Running is Stupid
Where your treasure is, there your heart will be also. Matthew 6:29
I have an unfortunate habit of expressing my displeasure with any difficult workout at the gym by pronouncing that it’s stupid. I do the workout anyway, even though it’s at times miserable, because I have goals. I desire to see those goals realized more than I want to sleep in, so, I get up early and do the difficult things that get me there.
So it was last night, as my son and I ran in the cold wind and rain, that I couldn’t help but think, Running is stupid. We would have preferred to be sitting at home on the couch by the fire, but because we have long-term goals, we abandoned our immediate appetites and embraced the short-term discomfort.
This is the way it is with most worthwhile pursuits in life. Being in shape means forsaking our appetite for immediate gratification. Pursuing a rewarding career often means sacrifice, difficult education, and training. It’s similar with faith. If we call ourselves Christians and if we desire to live as disciples, Jesus asks that we continually abandon the easy, natural path, to follow his.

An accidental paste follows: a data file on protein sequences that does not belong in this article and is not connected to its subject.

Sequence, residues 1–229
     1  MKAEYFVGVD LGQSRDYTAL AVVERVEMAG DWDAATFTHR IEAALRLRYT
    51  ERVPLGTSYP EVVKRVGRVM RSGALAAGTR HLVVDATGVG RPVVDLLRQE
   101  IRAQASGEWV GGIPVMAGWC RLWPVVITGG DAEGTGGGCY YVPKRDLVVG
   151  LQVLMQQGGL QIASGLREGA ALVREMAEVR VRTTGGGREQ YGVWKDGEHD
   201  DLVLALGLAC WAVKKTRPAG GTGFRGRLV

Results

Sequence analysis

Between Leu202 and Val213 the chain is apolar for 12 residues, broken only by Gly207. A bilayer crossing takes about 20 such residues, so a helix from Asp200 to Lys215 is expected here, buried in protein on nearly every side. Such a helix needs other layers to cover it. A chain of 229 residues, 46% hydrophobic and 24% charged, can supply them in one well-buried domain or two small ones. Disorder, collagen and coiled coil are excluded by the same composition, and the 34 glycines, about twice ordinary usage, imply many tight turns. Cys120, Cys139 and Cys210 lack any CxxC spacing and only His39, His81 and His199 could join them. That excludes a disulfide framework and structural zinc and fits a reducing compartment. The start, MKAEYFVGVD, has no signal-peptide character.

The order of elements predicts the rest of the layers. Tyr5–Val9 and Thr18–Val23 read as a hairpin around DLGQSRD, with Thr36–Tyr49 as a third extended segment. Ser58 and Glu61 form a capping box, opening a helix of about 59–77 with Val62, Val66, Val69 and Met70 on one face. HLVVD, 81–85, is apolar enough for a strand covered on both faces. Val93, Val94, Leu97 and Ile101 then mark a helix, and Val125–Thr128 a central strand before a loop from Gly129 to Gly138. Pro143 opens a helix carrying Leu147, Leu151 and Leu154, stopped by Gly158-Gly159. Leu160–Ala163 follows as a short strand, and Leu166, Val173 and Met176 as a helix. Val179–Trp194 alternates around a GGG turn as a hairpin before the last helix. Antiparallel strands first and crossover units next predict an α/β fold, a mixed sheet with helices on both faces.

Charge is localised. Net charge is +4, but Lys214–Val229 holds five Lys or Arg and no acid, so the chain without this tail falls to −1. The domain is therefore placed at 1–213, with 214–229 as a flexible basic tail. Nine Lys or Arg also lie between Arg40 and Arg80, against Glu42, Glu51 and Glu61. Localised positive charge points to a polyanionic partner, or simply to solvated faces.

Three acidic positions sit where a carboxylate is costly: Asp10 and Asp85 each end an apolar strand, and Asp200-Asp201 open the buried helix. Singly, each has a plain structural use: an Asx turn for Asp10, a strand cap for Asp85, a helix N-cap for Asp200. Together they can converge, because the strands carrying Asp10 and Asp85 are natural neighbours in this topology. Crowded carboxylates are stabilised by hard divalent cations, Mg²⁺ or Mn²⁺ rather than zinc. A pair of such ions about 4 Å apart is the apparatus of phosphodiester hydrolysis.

Our behavior will reveal where our desires truly lie. With physical fitness, we can call ourselves athletes and wear athletic clothing, but if we never leave the couch or exercise, we’re not going to get in shape. We can claim to value fitness, but our behavior will reveal what it is that we truly want.
Likewise, we can claim to be disciples, own a Bible, and go to church, but if we never get around to living the way Christ asks us to live, then our behavior will reveal that we only follow ourselves. Do we daily spend time working our relationship with God? Do we love those around us? Do we help the poor and needy?
I don’t really believe exercise is stupid. I just complain facetiously about it as I’m doing it. It would be worse for me though, if I claimed to love it and then never did it. Jesus said, “Where your treasure is, there your heart will be also.”
If we say we want faith and recovery, but we never do anything to pursue those things, then we’re fooling ourselves. If our faith is truly important to us, our behavior will show it.